SUPPORT Minister for Transport Éamon Ryan’s comments on the Western Rail Corridor represent a ‘truly transformational development’.
Minister for Transport Eamon Ryan’s announcement that he supports and will seek funds to reopen the Western Rail Corridor between Athenry and Claremorris together with the Foynes Rail link was a momentous announcement, which received an overwhelming welcome.
Ryan concluded his comments in Dáil Éireann last week with the view that developing these two small links would give us a national rail freight service connected to two international deep-water ports in Foynes and Waterford.
This was more than just an announcement of reopening vital rail links but reversing previous decisions taken by the state not to support rail freight and, therefore, making it the main driver for reopening the line.
The 2003 Booz Allan Strategic Rail Review highlighted that freight had become unreliable and recommended it abandon unit load (turn up and go container traffic) which was the backbone of its freight services. This ended in July 2005 and was followed by a decision to cease haulage of Guinness traffic, an important railway customer for over 100 years.
The failure of the then FF/PD Govt in 1997 to invest €6.7 million in a rail link to Lisheen zinc mine in Tipperary and utilising the rail network was a key turning point. As a consequence 400,000 tonnes of zinc ore per year went on trucks making a 260km round trip to Cork or New Ross which could have been serviced instead by a small investment in the rail network.
To Iarnród Éireann management it was a signal to abandon freight and mothball rail links like Athenry-Claremorris and Limerick-Foynes. The 2016 Rail Review pointed out that Ireland was one of the few countries in the EU not to support freight and Government policy would have to change if this was to be reversed.
A report by Booz and Co for Cork Port in 2010 observed: “For many years, passenger operations have been Iarnród Éireann’s primary business, and the existing rail infrastructure reflects this.”
The report also pointed out that when Cork Port applied to planners to move the port to Ringaskiddy without a rail connection there was ‘little evidence of government policy actively pursuing or supporting major expansion in rail freight services’.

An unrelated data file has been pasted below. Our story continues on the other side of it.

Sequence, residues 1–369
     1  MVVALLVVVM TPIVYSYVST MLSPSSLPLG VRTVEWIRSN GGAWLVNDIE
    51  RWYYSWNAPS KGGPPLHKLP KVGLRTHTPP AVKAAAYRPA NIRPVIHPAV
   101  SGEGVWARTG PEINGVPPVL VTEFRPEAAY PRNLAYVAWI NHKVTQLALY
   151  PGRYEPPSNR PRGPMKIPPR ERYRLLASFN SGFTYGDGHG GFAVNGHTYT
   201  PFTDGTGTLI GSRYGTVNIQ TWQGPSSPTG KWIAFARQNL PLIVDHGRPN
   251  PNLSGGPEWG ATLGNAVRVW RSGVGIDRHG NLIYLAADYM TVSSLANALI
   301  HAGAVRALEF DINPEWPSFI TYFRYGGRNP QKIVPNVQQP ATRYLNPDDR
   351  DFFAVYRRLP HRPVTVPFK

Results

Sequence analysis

Only the determination of Mayo industries like Ballina Beverages and Baxter saw containers return to rail in 2006 but by the end of the decade Mayo had become and still is the only intermodal (containers) rail freight centre in the country.
In November 2018 Iarnród Éireann’s CEO Jim Meade told an Oireachtas Committee that: “Freight has to wash its face. We cannot subvent it or use any public funds.”
Other EU states subvent rail freight. There has been no significant state investment in rail freight since specialised wagons were purchased in 2002.
Dublin Port themselves financed and built a new freight terminal at Dublin Port in 2011 now used for Mayo rail freight traffic.
We remain the only EU country which doesn’t support rail freight through grants. Track access charges – the tolls paid to use the railway – are the highest in the EU when it comes to freight, six times higher than France, for example. That means a container from Ballina by rail pays €104 in track access charges but by road its pays one road toll of €14 and has free use of the €750 million Dublin Port tunnel.
When Ryan said in his answer that opening both Claremorris-Athenry and the rail link to Foynes makes sense, he was announcing a significant shift in government policy towards rail.
The presumption that the only case to reopen Claremorris to Athenry, linking Mayo with Galway was purely via passenger traffic is wrong, when the real driver is freight. However, making it work requires a shift in Government policy. By including Foynes, the Minister was creating a freight spine through the west that aids government policy to cut carbon emissions and makes the case to support rail freight proactively.
A reopened railway will cut the existing journey times from Waterford to Ballina which can take up to eight hours and 12 minutes via Kildare versus six hours and 15 minutes via the Western Rail Corridor. A revitalised Foynes line brings Ballina four hours away from the TIER 1 Shannon Foynes Port rather than over eight hours via Portarlington, using already congested and busy railways. Revitalising these rail links brings Mayo closer to its ports and allows the railway to be used more efficiently while releasing capacity on the already congested railway between Kildare, Portarlington and Athlone.
As Pat Keating of Shannon Foynes Port Company said to the Irish Times last week a revitalised Foynes line could remove 800 lorries a week off the roads – that’s 41,600 lorries a year with a lot of that traffic likely to come from the Mayo-Galway region, reversing decades of neglect of the railways freight capability. A truly transformational development.
Limerick native Hassard Stacpoole is a Programme Manager for Network Rail in the UK with more than 20 years experience in the rail and transport industry.